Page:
The Canadian Military Medical Services (CMMS) Memorial, originally unveiled in November 1984, was re-dedicated April 9 to all fallen health services members. The memorial is surrounded by a tall cluster of pine trees behind the Canadian Forces Health Services Training Centre at CFB Borden, Ontario. Newly and chronologically inscribed across its plaque exterior are the names of the 1394 CF health services personnel who have fallen in service to Canada since the Boer War, including the six frontline medical technicians who gave their lives in Afghanistan.
The memorial is truly a place of respect and honour for many, while it marks a location of reflection and solace for others. To this day, the Med Tech QL3 rebadging ceremony continues to take place at this very special and monumental CFHS location. It is where the new QL3 Med Tech graduates accept the responsibilities bestowed upon them, and officially take up their personal torch in respect and acknowledgement of the many CFHS personnel that have fallen and unfortunately, paid the ultimate sacrifice. After many, many months (for some even years) of Med Tech training this ceremony is considered a great honour; the beginning of their much awaited journey and even for some, an emotional realization and acceptance of their new found role as RCMS Med Techs.
There still remains many vacant places for additional commemorative bricks/plaques on the memorial. As such, on behalf of the CFHSTC memorabilia committee, we request your assistance in passing on, throughout your respective areas of responsibilities, this message of opportunity. The purchased brick may underline the memory of someone special/ be in honour of someone’s service with the Health Services / to honour the care the purchaser or someone they know have received / or for no particular reason at all. The options are endless, and only left to the purchaser’s imagination. Donation can be made by cheque to “CFHSTC Commemorative Monument Fund” P.O. Box 1000, Station Main, Borden, On, L0M 1C0
Col Darby Bergin was a graduate of McGill University School of Medicine and began his military service a regimental surgeon and then commanded infantry units being the first Commanding Officer of the 59th Stormont & Glengarry Battalion, perpetuated by the Stormont, Dundas & Glengarry Highlanders. He later became Canada’s first Surgeon General and an advocate for the creation of an Army Medical Corps.
Georgina Pope (1862-1938) was the first Matron in the Canadian Army Medical Corps, a position she attained in 1908. She served as a military nurse in the Second Boer War, which earned her the Royal Red Cross Medal for meritorious and distinguished service in 1903. She was the first Canadian to receive this honour. Her WW1 service was in Canadian hospitals in France and the UK. She was 55 years old when she went overseas in 1917. Click here to learn more about Georgina Pope.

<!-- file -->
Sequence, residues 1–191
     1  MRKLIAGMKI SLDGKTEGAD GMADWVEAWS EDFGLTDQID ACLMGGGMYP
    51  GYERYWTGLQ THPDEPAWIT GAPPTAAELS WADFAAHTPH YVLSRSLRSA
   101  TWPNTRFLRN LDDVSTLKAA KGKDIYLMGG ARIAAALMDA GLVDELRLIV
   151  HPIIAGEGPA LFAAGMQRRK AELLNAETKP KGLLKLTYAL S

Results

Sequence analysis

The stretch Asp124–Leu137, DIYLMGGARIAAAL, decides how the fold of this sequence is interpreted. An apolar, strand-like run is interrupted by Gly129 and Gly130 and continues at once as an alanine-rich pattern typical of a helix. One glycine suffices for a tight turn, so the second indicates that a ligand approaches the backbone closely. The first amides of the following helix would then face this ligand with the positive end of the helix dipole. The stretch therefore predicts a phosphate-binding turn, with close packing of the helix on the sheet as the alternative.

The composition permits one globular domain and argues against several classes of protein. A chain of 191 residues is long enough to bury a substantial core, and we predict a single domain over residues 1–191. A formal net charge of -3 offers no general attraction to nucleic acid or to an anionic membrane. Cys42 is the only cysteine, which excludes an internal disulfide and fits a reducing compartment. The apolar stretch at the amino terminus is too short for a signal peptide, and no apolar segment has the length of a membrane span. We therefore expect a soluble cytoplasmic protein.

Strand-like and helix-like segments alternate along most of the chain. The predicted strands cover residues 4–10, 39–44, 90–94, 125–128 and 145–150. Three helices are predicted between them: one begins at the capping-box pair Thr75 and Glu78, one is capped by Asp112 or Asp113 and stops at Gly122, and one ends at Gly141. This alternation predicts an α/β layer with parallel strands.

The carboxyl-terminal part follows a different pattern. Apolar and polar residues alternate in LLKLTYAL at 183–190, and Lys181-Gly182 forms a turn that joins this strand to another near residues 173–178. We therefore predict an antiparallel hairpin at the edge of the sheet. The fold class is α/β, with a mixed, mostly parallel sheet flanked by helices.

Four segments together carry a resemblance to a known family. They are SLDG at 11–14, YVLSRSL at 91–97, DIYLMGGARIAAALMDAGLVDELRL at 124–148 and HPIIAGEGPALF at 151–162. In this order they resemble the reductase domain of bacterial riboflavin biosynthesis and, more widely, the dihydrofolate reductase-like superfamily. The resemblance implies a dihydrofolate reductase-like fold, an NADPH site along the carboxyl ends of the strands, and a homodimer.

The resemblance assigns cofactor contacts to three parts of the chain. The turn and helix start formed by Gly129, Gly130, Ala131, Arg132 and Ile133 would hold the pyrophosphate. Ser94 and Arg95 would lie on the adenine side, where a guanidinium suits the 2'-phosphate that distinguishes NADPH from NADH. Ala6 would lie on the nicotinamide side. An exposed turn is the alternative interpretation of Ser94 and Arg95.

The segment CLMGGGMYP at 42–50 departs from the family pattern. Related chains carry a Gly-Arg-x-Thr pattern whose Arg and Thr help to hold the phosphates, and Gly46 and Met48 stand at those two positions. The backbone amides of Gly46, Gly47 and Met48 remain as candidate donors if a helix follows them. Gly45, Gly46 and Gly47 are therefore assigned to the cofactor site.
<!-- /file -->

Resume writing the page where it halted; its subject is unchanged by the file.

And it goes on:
Upon the Outbreak of war in 1914, Elizabeth Smellie volunteered to provide service overseas. While serving in England and France as a hospital matron, she was mentioned in dispatches in 1915. In 1917, she was awarded the Royal Red Cross by King George V at Buckingham Palace. At the end of the war, she was assistant to the Matron-in-Chief, Royal Canadian Army Medical Corps Nursing Services in Ottawa where she remained until 1920. During WWII, Smellie served as Matron-in-Chief, Royal Canadian Army Medical Corps Nursing Services. Click here to learn more about Elizabeth Smellie.
In June 1966 members of 1 Field Ambulance, Soest, Germany, dedicated a memorial plaque in St Georges Memorial Church, Ypres, Belgium, in memory of Lieutenant Colonel John McCrea, author of the poem In Flanders Fields and members of the Royal Canadian Army Medical Corps who paid the supreme sacrifice.
A new (and last) statue has been unveiled at the Saskatchewan War Memorial. This statue of a war nurse has now a place beside that of a First World War Canadian soldier with both flanking the names of thousands and thousand of brave Canadian men and women who lost their lives during combat. The Statue was unveiled by LCol (Retired) Hallie Sloan, CM, CD, RN, RCAMC. Note: Saskatchewan War Memorial is located just west of the Saskatchewan Legislative Building, near Wascana Lake and the Albert Memorial Bridge.
Established by the 12 (Vancouver) Medical Company Unit Associations in 1995 the monument is located in the garden of Brock Fahrni Pavilion on the grounds of the BC Women’s and Children’s Hospital in Vancouver.
Nina Rumen, RN, BScN, Vancouver’s Monuments to Nurses , Vancouver: BC History of Nursing Group.
This photo album identifies and describes monuments in Vancouver BC that are specifically dedicated to Nursing Sister.
As a closure to the year that marked 100 years of military medical service in Canada, the Defence Medical Association (DMA) of Canada, accepted to sponsor a project proposed by Major (Ret’d) Denis Pilote, National Secretary of the Association. The project was to have a suitable plaque as a testament to RCAMC members who died or were wounded in Normandy. On October 15, 2005 the plaque mounted on a WWII Canadian tank named “BOLD” was unveiled. The tank is located on the section of Juno Beach assigned to Canadian troops on D-Day.